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Climate and Weather Services for Disaster Management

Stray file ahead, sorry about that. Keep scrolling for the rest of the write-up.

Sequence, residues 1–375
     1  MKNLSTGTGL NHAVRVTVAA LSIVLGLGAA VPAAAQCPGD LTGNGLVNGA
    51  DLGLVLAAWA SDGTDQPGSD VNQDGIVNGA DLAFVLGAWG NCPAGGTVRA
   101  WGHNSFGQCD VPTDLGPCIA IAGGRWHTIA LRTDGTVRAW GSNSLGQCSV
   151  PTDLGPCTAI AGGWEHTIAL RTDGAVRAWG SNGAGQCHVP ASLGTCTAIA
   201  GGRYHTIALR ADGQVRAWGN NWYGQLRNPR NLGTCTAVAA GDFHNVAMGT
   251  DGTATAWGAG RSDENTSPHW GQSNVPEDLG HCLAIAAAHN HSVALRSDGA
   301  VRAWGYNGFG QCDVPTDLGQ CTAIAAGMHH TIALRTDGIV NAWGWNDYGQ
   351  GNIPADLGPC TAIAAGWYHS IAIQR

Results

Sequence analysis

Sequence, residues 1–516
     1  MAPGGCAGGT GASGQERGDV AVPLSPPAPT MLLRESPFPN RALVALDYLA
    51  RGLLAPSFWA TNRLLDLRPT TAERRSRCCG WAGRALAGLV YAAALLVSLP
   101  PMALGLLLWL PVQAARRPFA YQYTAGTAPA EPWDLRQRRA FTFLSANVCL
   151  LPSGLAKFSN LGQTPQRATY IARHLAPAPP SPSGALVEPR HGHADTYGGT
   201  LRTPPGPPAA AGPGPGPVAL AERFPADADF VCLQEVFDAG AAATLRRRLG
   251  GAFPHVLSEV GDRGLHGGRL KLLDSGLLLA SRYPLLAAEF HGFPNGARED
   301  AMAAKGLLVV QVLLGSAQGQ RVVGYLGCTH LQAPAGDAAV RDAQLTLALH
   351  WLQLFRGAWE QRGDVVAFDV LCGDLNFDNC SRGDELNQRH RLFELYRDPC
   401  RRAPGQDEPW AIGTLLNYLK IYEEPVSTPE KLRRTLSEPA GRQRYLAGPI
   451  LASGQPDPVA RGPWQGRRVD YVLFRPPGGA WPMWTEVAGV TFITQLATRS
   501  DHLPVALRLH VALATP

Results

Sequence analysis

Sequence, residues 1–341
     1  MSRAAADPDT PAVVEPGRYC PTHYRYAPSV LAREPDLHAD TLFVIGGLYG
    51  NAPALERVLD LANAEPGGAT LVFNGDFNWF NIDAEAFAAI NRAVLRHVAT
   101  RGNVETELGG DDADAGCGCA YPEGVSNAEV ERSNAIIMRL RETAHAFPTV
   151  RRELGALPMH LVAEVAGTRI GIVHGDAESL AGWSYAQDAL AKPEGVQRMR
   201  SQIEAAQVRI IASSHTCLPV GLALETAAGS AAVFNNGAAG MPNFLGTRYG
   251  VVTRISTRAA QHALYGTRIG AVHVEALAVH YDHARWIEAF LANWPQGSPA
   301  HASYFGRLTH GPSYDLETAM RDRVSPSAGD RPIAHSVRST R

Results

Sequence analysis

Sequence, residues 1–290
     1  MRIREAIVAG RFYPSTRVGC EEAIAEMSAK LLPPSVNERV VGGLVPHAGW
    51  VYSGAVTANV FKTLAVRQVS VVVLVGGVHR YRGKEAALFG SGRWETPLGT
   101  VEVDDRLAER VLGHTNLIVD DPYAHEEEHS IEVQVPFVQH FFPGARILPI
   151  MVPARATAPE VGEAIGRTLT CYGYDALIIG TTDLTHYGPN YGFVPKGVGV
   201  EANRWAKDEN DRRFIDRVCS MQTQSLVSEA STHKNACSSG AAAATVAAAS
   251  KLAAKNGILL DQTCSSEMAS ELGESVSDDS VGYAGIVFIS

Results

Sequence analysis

The Federal Emergency Management Agency (FEMA) plays a critical role in supporting land, water, and coastal managers prepare for and respond to weather- and climate-driven extreme events. Challenges to accessing, interpreting, and disseminating diverse climate and weather (C&W) information, however, limit FEMA’s use of this information, which can hinder the pre-positioning of resources and personnel in high-risk areas, limit the utilization of advanced warnings, and spur misunderstanding. Strategic partnerships that link information producers and consumers and provide opportunities for the co-development of useful C&W information can help agencies like FEMA better fulfill their mission to safeguard life and property. We propose a climate services case study that examines the process of developing strategic partnerships, communication strategies, and relevant C&W information to support FEMA’s hazards monitoring efforts in Arizona, Nevada, and California. This study examines the end-to-end process of decision support and will be conducted within a framework advocated by the National Research Council. This incudes: (1) assessing FEMA’s C&W information needs and gaps; (2) co-producing a decision support tool; and (3) measuring impacts, successes, and limitations of the decision-support tool, engagement process, and partnership. The objectives are to better understand how to provide climate services and develop strategies that seamlessly transition from research to operations, while assessing the role of ‘boundary organizations’ (e.g. RISAs) in developing and mediating partnerships that advance climate services and long-term adaptation efforts. This project is a collaboration between the Climate Assessment for the Southwest (CLIMAS), the western regional headquarters of the NOAA-National Weather Service, and FEMA.